“Right now interior design is ostracized within our community. I want to debunk that so others recognize that interior design is just like painting, graphic design, photography—it can be a means of exploration, it can be a means of healing.”

Simmons’ isolation didn’t rest solely along racial lines though. She studied architecture with the intent of going into interior design, which undoubtedly contributed to her rise through the ranks at M.S. Vicas, where she and the team often work side-by-side with architects and clients. But, she says, “I still haven’t met anyone with an architecture background that has intentionally gone into interior design. And that’s across the board, that’s not just within [the black] community.”

Mentorship and career path aside, Simmons is keeping an eye on the trajectory of the entire design world. “The architecture, design, and construction industry is very analog, even with all the technological advances and technological wants within the homes we design,” she says.  

Her hope is that, in addition to further embracing technology, the industry will become more respected, leading to better black representation in the future. “Right now interior design is ostracized within our community, but also in general, because it’s had these long-held traditions of being a very affluent discipline,” says Simmons. “I want to debunk that so others recognize that interior design is just like painting, graphic design, photography—it can be a means of exploration, it can be a means of healing.”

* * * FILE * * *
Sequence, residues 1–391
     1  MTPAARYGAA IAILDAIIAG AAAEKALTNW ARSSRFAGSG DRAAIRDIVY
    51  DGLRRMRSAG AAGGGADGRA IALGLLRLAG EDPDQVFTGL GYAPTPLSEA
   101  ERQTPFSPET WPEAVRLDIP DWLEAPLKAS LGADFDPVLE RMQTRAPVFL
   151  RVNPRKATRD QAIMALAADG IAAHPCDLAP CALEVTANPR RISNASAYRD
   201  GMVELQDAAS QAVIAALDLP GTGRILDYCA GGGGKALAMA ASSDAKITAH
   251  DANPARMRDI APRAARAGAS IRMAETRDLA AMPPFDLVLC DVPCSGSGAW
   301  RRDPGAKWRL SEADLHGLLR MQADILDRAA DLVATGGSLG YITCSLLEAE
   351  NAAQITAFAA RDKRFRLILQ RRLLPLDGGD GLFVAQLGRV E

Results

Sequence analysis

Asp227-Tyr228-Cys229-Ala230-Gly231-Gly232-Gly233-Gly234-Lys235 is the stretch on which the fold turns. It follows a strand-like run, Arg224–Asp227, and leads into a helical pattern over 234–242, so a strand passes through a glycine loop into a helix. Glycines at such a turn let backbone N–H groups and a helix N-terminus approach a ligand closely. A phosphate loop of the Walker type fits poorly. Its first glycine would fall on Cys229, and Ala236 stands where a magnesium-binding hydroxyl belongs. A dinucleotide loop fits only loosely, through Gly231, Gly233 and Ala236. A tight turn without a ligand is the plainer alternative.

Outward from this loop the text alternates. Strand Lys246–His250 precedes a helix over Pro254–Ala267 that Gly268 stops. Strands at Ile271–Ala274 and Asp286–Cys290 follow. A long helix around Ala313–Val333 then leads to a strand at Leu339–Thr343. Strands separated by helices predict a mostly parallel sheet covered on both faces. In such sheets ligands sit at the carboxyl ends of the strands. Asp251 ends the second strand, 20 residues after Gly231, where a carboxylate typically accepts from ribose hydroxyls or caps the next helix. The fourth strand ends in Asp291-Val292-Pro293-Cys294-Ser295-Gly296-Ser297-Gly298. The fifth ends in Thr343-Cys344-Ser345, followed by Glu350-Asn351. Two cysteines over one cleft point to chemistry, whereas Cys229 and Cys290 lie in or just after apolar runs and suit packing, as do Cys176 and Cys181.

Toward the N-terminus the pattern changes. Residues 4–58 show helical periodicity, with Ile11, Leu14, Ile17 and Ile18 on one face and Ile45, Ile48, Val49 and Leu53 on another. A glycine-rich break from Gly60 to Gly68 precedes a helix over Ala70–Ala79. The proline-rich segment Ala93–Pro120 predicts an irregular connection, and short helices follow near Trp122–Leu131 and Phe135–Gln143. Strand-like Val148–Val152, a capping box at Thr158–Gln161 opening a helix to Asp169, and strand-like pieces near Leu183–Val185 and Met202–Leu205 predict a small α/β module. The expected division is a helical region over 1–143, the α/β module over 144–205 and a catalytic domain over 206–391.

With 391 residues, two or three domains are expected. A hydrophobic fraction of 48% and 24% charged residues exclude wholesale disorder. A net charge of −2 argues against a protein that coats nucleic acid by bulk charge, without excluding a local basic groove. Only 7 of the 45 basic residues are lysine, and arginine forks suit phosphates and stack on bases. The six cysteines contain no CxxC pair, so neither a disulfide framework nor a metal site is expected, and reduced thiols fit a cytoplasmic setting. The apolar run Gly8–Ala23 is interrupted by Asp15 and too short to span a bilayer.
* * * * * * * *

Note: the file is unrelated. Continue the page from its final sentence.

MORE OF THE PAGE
Credit: Che Sehyun

Barry Johnson

For Seattle-based visual artist Barry Johnson, using art as a tool for communication is a no-brainer, but it took him some time to figure that out. As a first generation college student, he felt pressure to study something less creative and more stable—even though, as he says, “Naturally everyone is born as an artist.” While he leaned into that notion throughout his childhood, everything changed when he began considering higher education. “I was doing so much art,” says Johnson, “And whenever it came time to go to school, I just remember thinking, ‘You know what, I’m this young black kid, nobody in my family’s ever went to college, so I think I’m just gonna go for business—I’m gonna be a businessman.’”

After studying business in school, Johnson went to work for a consulting firm, where his days were, unsurprisingly, consumed by spreadsheets. But that began to change when he picked up Mason Currey’s book “Daily Rituals: How Artists Work.” He found himself doodling all day long—so much so that his bosses at the firm would ask him to do large whiteboard and chalkboard illustrations for clients. This awakened his spirit for art.

“I decided to do more painting and more drawing and eventually I was like, I’m getting paid to do work outside of here—and inside of here, I’m not getting paid for the murals and everything that I’m doing, so I think I’m just gonna head out,” he says. So he left behind the consulting career he had spend his entire adult life building. But he didn’t exactly set out to “make it” as an artist. “I never wanted acclaim,” he says. “You need to just make good work. That’s all I wanted to do.”